That said, I've run into a few hairs that I'm documenting to show that yes, every tool makes tradeoffs, every abstraction leaks, and might save you some time if you use Ecto.

Ecto Schema's "where it came from" + Phoenix editability

Following "convention over configuration," Ecto and its schemas work very closely with Phoenix to provide a smooth workflow. In the default Phoenix world, for new and edit forms, you usually define a template for that form and pass it a Changeset which it uses to populate the fields. So your new controller does something like:

changeset =
  %MyEntity{}
  |> change()
render("new.html", changeset: changeset)

and your edit controller does something like

changeset =
  entity_id
  |> MyEntity.get_entity!(entity_id)
  |> change()
render("edit.html", changeset: changeset)

where "new.html" and "edit.html" both contain a "form.html" sub-template, and new keeps the fields empty, while edit populates the fields of your entity.

So I got confused when I converted an Ecto query to a raw SQL one with a custom mapper, I suddenly never rendered the form as an edit, always a new, even though I called it from an edit controller?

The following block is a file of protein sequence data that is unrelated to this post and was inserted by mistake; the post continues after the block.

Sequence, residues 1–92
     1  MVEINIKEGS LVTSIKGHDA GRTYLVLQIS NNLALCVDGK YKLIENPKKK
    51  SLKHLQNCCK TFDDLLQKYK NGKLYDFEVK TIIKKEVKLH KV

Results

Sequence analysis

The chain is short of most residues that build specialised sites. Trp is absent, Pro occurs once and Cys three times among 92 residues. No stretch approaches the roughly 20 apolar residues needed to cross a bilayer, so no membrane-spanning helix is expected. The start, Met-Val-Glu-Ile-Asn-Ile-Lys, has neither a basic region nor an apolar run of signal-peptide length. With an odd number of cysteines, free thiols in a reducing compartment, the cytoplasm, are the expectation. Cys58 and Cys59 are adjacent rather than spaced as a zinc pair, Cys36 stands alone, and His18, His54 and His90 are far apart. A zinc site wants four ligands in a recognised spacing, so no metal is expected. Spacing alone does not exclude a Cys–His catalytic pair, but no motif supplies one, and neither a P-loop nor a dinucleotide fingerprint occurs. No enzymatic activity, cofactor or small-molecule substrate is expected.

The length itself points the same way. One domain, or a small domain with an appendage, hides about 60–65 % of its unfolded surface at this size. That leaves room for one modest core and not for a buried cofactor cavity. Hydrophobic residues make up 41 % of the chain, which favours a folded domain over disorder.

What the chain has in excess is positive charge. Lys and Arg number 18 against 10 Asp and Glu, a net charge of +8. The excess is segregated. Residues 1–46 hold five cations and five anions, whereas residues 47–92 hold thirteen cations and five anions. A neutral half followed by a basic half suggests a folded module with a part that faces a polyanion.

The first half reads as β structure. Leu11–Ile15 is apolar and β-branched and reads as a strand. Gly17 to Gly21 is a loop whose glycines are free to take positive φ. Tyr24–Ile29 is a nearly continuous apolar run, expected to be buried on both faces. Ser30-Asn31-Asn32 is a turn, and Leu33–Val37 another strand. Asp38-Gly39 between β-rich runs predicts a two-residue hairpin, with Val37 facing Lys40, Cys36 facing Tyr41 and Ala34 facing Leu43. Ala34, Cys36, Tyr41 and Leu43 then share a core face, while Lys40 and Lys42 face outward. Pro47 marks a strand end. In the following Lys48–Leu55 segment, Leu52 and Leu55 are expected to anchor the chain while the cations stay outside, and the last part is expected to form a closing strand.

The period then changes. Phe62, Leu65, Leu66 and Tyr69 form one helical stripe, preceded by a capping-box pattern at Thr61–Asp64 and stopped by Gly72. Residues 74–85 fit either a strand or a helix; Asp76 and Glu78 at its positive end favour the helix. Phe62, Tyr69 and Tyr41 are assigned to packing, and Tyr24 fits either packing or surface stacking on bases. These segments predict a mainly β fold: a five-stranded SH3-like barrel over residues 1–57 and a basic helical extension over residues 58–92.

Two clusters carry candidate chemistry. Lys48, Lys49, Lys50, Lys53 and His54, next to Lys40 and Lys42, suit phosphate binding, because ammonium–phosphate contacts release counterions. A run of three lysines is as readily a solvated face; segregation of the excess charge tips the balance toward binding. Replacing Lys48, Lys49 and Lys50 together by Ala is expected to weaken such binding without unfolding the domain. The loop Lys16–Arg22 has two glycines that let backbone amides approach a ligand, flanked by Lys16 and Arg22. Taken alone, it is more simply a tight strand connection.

The cause: schemas will set where they "came from:" did they come from an existing database entity that's already been persisted, or does this represent an new instance that hasn't yet been persisted? Schemas have a meta field with its source field that either gets set from a fetch function as :loaded ("I represent a persisted entity, I come from the DB") but, if not set (as in the case when you build a schema in your code) instead defaults to :built. When I created a custom mapper for MyEntity, I created an instance of it and filled in the fields manually from the fetched rows of the SQL. Since its meta was set to :built, not :loaded, Phoenix took it to mean "oh, this entity isn't represented in the DB, so you must be creating a new one," and creates a new form. You can see some relevant sources here and here.